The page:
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Species Guide
A photo of a House Bunting (Emberiza sahari), male
House Bunting, Male

House Bunting

Emberiza sahari

The house bunting (Emberiza sahari) is a small, charming passerine bird, a member of the bunting family Emberizidae. It measures a modest 14 cm in length, presenting a sandy orange-brown plumage that graces its body, while the male exhibits a grey head with subtle dark streaks.

Identification Tips

To identify the house bunting, look for its sandy orange-brown body. The breeding male's grey head lacks the white supercilium found in the striolated bunting, a close relative. The female's head bears a brownish tint to the grey and more diffused streaking, making her subtly distinct from her male counterpart.


This species is a resident breeder in dry regions, often found in close association with human settlements.


The house bunting's range extends across northwestern Africa, from Morocco south to Mali and eastward to Chad. Notably, in Morocco, the bird has expanded its territory northwards since the 1960s, now reaching locales such as Tangier and Tétouan near the Strait of Gibraltar.


In Morocco, the house bunting is traditionally revered as sacred, which has led to its remarkably tame nature. It is known to enter and feed inside houses, shops, and even mosques with a fearless familiarity.

Song & Calls

The house bunting's song, delivered from a perch, is reminiscent of the common chaffinch's melody, albeit a softer rendition.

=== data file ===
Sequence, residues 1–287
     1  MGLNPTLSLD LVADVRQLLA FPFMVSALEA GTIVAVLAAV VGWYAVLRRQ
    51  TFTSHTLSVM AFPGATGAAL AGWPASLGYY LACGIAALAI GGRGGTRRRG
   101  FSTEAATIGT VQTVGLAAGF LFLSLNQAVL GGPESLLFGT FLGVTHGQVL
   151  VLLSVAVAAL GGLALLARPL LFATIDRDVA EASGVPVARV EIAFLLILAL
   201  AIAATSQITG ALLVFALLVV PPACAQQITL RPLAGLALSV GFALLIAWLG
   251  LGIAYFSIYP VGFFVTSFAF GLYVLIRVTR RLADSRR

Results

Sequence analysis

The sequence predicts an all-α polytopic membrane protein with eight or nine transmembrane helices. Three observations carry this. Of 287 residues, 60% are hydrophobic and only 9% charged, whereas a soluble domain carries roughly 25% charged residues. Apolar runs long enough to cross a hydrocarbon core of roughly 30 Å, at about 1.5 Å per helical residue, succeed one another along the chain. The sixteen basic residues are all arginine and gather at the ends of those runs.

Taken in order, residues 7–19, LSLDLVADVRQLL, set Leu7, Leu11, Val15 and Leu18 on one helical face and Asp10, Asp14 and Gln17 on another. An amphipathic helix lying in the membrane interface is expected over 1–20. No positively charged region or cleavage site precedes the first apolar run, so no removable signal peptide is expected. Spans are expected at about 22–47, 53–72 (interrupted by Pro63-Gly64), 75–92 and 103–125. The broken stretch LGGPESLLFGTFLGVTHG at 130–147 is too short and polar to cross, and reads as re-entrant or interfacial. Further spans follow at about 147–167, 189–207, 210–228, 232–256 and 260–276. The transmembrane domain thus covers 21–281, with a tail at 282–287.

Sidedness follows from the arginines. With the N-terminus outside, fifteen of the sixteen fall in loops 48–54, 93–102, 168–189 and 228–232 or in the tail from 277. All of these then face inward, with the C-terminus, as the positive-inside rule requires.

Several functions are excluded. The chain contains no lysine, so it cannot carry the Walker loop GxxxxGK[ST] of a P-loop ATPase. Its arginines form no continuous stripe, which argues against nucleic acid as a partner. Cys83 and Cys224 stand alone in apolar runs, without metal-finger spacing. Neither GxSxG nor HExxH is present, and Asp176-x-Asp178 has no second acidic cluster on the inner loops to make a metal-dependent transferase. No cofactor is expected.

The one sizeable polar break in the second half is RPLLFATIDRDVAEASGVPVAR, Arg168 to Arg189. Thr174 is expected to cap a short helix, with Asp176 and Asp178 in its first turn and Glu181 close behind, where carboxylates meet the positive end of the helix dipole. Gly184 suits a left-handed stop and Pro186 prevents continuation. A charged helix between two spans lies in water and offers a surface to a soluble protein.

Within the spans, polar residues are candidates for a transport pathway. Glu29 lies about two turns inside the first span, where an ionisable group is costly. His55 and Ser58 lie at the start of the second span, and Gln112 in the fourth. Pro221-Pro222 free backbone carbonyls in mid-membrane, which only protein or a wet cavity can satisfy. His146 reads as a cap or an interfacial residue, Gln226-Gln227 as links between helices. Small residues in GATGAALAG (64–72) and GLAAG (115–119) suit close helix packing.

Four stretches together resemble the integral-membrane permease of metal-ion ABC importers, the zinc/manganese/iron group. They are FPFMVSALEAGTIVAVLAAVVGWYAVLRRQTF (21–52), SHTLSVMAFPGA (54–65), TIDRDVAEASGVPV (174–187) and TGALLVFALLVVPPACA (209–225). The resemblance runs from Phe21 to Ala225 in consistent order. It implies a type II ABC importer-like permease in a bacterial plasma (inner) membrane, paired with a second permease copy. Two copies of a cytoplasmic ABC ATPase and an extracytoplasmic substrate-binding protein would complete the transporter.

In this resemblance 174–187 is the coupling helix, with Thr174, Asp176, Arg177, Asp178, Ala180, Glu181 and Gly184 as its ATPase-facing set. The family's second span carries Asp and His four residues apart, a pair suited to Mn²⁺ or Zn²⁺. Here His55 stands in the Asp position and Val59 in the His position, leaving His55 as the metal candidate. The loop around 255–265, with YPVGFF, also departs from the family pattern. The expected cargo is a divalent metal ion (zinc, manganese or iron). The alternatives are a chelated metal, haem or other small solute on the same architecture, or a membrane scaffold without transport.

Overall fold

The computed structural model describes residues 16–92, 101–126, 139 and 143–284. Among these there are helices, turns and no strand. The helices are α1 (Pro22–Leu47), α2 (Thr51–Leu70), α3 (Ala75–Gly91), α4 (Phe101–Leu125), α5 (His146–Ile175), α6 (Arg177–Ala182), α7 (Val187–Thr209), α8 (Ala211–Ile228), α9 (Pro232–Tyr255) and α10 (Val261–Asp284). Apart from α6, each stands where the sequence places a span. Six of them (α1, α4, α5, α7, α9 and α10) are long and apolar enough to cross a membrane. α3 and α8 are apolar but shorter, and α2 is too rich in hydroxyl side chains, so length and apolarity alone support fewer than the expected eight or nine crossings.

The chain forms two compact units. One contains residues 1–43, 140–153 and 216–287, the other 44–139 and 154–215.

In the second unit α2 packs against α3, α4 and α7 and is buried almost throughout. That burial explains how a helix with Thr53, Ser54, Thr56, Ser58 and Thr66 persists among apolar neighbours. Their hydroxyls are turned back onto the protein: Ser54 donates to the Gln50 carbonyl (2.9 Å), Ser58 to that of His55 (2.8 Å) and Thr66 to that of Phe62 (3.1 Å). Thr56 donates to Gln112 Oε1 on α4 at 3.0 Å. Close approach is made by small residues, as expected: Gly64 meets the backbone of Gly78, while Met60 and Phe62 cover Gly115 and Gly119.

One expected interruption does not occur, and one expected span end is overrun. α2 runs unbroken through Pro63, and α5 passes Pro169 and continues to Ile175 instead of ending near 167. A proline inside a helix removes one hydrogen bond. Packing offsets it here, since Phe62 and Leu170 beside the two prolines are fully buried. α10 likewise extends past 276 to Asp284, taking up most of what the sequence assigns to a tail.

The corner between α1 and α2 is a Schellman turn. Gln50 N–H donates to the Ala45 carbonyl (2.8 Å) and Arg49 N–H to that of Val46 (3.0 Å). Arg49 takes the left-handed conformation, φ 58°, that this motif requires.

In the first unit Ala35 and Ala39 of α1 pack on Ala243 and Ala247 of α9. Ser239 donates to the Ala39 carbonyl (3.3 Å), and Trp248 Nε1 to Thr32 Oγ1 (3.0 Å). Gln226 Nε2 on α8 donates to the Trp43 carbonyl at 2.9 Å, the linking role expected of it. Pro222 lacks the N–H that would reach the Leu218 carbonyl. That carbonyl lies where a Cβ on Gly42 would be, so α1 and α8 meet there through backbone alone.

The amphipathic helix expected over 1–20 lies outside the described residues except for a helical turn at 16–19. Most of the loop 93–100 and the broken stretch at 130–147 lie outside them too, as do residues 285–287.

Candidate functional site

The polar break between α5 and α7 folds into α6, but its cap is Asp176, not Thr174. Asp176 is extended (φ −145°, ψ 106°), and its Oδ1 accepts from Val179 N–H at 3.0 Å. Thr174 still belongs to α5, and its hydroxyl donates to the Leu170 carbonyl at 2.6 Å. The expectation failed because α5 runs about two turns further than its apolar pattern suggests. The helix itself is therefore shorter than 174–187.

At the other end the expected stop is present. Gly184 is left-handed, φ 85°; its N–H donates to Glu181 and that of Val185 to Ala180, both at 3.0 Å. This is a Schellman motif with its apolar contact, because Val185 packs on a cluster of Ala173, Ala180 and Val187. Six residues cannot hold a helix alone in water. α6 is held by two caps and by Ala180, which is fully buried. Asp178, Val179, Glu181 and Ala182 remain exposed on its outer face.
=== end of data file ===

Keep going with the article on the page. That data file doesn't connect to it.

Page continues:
The house bunting lays a clutch of two to four eggs, which are incubated over a period of 12 to 14 days. The nest is typically situated within a hole in a wall or a building structure, a testament to the bird's close relationship with human habitats.

Similar Species

The house bunting was once considered a subspecies of the striolated bunting but has since been recognized as a separate species. It can be distinguished from the striolated bunting by its less pronounced facial striping and the absence of a pale belly.

Diet and Feeding

The diet of the house bunting consists primarily of seeds. However, when feeding its young, the bird will also seek out insects to provide the necessary protein for their growth.

Conservation status

The conservation status of the house bunting is not explicitly mentioned in the provided content. However, given its adaptability to human environments and expanding range, one might infer a current stability in its population.

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